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Implant insertion procedure

In order to decide if implants are the right solution for you, you need to consult your dentist, specialist in oral surgery and/or prosthetics. Your dentist will carefully examine your teeth and gums and evaluate bone density and mass. Maybe you will need to have an orthopan X-ray or a CBCT scan (3D orthopan), in order to make sure that the bone structure is adequate and to establish where exactly the implant should be placed. Your orthodontist will decide on the best way to place the implants, in order to ensure the best prosthetic results.

Based on the state of your oral tissue, oral hygiene and personal habits, as well as your readiness to follow further instructions, your dentist will advise you on the most appropriate therapy plan. The patients with inadequate bone structure need to undergo bone restoration, and maybe small- diameter implants, the so-called mini implants, will be used in their case. 

Depending on your situation, we shall explain to you how much the overall process will take, how many times you will have to come to the dental studio and what you can expect after each procedure.

It is virtually impossible to make a difference between implant crowns and other teeth, due to the structural and functional connection between implants and the bone itself. The insertion of implants, in order to restore a missing tooth, can be done at any age after puberty, when bone growth is over. The insertion of implants at a precisely defined place is followed by the osseointegration period. Osseointegration is a process of implant solidification, when the implant and the jaw bone knit together, after which the procedure is completed by placing the crown.  

When dentists say “implant”, they usually only mean the titanium screw inserted into the jaw. However, this screw also holds the crown abutment, and finally - a crown or a bridge. And now, let us review the entire procedure, from beginning to end: 

  1. Implant insertion is planned based on an orthopan X-ray, or, better still, a CBCT scan. At this stage, professional experience and detailed knowledge of anatomy and jaw bone structure are of utmost importance, in order to avoid any injuries of the nerve or the sinus.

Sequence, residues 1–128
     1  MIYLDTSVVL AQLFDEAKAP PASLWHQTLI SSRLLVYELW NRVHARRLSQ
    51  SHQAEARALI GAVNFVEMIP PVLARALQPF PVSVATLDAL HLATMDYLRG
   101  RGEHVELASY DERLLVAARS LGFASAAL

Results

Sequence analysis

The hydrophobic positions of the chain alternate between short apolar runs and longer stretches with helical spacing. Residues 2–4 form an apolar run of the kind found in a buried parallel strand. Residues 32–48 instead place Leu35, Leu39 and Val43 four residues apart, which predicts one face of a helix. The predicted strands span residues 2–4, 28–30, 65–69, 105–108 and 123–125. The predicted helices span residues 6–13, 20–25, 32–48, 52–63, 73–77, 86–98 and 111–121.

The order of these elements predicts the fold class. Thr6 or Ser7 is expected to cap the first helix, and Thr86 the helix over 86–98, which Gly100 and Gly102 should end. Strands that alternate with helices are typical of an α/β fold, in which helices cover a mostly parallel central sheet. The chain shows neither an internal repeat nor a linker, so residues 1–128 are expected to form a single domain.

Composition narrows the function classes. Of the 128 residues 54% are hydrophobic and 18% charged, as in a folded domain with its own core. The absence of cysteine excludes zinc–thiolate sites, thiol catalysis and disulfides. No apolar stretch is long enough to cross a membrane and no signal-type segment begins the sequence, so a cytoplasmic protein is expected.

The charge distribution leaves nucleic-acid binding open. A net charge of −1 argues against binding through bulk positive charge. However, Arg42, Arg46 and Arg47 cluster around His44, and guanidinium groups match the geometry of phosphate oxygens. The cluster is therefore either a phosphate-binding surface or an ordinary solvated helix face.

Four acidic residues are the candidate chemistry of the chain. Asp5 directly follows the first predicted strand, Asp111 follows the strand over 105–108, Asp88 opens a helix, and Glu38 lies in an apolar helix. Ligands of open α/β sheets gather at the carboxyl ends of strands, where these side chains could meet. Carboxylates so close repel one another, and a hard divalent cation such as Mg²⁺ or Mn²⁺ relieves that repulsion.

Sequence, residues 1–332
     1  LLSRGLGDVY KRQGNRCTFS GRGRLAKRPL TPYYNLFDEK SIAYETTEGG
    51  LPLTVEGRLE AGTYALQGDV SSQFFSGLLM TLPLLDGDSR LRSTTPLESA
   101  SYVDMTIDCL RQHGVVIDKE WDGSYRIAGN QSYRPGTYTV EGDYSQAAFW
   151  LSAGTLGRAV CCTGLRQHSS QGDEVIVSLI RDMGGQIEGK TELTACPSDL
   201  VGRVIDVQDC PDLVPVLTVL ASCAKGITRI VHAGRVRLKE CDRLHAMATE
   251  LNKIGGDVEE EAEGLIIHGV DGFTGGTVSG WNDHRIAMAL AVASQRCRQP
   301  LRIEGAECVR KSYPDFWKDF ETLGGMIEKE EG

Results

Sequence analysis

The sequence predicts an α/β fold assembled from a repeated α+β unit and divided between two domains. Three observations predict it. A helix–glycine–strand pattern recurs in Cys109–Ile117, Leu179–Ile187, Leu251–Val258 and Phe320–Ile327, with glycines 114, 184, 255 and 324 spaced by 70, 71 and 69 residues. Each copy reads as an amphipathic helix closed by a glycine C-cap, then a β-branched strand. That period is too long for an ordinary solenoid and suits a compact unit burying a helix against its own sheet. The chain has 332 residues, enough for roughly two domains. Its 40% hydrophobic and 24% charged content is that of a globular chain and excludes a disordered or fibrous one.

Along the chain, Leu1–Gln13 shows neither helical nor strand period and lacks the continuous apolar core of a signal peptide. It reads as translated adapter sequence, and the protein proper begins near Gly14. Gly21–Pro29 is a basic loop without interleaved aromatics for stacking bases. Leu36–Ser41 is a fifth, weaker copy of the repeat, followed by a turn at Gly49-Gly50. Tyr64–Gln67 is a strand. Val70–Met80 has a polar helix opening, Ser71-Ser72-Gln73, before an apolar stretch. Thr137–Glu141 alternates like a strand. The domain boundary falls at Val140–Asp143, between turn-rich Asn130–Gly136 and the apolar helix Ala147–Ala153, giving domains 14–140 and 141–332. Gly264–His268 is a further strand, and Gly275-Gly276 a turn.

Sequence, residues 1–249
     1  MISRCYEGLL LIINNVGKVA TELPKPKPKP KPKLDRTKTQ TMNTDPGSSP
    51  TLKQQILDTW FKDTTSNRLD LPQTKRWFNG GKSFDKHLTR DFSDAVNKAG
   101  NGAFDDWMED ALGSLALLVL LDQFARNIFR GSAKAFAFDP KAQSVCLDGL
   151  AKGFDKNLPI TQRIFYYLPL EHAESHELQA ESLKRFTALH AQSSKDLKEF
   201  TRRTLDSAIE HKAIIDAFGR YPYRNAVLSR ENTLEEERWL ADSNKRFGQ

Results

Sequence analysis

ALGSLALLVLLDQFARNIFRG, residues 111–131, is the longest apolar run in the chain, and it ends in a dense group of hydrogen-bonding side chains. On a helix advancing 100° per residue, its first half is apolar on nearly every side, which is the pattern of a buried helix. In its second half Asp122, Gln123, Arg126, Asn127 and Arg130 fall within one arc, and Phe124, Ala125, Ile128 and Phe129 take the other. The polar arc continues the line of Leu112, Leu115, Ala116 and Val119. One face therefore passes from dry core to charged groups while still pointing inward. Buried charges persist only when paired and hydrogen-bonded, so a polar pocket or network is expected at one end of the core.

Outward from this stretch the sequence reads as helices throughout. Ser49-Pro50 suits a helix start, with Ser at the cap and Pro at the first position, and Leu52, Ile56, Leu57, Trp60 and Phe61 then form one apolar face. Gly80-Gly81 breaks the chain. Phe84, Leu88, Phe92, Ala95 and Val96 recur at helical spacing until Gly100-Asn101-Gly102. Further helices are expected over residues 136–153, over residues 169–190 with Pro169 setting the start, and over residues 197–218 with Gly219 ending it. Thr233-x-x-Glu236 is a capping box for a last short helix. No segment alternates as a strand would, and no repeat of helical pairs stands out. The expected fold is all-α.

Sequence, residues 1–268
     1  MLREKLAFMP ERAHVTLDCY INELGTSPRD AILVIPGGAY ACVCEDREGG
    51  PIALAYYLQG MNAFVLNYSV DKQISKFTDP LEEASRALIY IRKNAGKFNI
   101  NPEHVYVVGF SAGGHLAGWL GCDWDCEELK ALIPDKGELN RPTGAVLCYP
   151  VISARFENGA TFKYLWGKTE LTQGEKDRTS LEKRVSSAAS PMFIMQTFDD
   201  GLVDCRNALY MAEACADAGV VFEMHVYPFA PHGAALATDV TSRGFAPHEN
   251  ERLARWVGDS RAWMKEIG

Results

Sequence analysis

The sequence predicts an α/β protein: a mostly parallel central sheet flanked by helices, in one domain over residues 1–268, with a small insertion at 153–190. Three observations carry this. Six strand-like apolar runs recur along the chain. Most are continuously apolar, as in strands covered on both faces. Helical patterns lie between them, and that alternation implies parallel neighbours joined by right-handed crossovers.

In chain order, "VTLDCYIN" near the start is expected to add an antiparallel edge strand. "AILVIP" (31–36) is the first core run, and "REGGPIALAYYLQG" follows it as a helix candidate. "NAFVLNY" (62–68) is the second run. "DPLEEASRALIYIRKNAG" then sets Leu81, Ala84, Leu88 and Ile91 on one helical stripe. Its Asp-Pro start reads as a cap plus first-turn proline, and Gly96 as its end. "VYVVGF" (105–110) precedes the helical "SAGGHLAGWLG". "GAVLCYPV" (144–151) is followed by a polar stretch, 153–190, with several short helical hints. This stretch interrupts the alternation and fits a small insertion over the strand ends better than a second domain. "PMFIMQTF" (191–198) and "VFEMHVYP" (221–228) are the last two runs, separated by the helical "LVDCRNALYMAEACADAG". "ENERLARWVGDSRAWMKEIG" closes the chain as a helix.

2. The patient receives a local anaesthetic in the area where an implant is going to be placed. 
  3. At that particular spot a small incision on the gingiva is made, after which the gingiva is lifted in order to have access to the jaw bone into which an implant is to be inserted. 
  4. Using special instruments (borers), we prepare the bone and the bed for implant insertion. The bed is slowly widened by borers, whose diameter is gradually getting bigger. Thus we make sufficient space for the titanium screw (implant), which should replace the tooth root. 
  5. The implant is rotated by hand, and after that tightened by a special instrument in order to ensure necessary stability.
  6. The lifted gingiva is returned to its place and stitched in several places. 
  7. After a couple of months, the implant and the bone knit together, and the gingival tissue which spills over the implant is removed, in order to have access to the implant and to take an impression for a dental crown. 
  8. A special part (abutment), which holds the crown, is rotated inside the implant.
  9. At almost each appointment the crown is tried in together with the abutment, to make sure that it perfectly fits into the existing teeth alignment. 
  10. The finished and glazed crown is placed (by being cemented or rotated) on the abutment, which is already fixed to the implant, marking the end of the procedure.